I greatly apologize in advance if this is not a well formed question, and feel free to redirect this in any way.
So I have begun reading Logic as Algebra by Halmos and Givant. In their book, they provide an algebraic development of mathematical logic. I haven't gotten very far, but I do see how they change the concepts of connectives to binary operations, inference rules as a function, etc. This brings me to my first question. Can algebra be reinstated as some foundations of mathematics, much like set theory? Could I very well just assume some (albeit nowhere near as elegant) axioms equivalent to ZFC in terms of algebra and develop mathematics from there? Furthermore, I would very much like to continue reading on algebraic logic, but from my own search, the literature isn't entirely as dense as it is in other subjects. One of the few that I have seen is An Algebraic Introduction to Mathematical Logic by Barnes. Is this a good book?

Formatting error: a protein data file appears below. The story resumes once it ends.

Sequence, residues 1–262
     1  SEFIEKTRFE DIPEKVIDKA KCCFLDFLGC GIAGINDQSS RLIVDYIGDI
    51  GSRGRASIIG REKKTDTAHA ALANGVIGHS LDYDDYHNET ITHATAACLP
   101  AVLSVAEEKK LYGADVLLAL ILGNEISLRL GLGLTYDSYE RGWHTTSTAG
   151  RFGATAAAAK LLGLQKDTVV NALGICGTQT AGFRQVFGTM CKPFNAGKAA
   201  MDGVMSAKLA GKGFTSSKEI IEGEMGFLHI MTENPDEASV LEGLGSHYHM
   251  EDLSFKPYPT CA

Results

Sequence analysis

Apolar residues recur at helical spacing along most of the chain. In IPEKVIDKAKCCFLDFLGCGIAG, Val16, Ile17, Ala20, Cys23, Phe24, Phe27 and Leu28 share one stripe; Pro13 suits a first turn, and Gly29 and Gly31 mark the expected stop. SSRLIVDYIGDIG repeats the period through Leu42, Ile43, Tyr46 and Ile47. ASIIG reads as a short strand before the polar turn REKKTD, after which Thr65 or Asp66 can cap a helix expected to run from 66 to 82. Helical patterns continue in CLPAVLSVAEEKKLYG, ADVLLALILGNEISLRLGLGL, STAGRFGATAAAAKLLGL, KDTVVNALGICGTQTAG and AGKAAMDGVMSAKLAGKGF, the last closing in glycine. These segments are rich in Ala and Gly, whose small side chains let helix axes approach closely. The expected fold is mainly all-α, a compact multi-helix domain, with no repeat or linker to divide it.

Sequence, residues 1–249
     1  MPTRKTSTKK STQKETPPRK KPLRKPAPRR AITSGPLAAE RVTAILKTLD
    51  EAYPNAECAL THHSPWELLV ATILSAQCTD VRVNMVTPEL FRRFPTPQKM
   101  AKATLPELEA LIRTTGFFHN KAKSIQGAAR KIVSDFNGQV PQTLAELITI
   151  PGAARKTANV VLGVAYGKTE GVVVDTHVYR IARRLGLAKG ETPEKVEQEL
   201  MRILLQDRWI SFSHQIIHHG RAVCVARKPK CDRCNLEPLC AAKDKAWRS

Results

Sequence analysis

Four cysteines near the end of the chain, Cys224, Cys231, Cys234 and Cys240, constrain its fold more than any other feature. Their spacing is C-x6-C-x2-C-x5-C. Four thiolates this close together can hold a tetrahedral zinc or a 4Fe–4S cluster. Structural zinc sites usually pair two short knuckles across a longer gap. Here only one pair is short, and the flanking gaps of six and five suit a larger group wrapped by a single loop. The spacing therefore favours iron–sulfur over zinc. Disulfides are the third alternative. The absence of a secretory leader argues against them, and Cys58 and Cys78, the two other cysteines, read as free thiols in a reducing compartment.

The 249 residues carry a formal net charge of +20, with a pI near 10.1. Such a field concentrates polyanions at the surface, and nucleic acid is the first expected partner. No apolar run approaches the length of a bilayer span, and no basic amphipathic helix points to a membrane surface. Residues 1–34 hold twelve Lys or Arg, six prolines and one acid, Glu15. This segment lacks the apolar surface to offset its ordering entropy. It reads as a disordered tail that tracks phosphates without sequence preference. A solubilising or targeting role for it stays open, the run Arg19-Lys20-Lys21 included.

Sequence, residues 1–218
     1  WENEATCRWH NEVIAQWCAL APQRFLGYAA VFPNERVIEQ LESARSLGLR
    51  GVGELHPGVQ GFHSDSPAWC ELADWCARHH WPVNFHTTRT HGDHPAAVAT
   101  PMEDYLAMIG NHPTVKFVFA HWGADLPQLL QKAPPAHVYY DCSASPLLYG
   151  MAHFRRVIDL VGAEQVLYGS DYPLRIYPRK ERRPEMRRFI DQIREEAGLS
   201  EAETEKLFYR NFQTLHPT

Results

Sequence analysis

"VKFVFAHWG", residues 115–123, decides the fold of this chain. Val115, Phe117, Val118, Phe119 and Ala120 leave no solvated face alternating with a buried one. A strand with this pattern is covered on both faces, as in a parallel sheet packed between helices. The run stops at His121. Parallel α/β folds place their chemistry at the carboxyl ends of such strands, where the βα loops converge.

My last (but not least) question is based off of the spirit of the first two. I am gaining interest into graph theory, and I was wondering if there was any analogue of a graph-theoretic development of logic as with the algebraic one I mentioned above. If so, (and assuming the answer to the algebraic foundation question above is yes) could you also formulate an axiomatic development of mathematics using graph theory? These last few questions on graph theory are based on a potential project I would like to work on, so I would appreciate any help in the matter.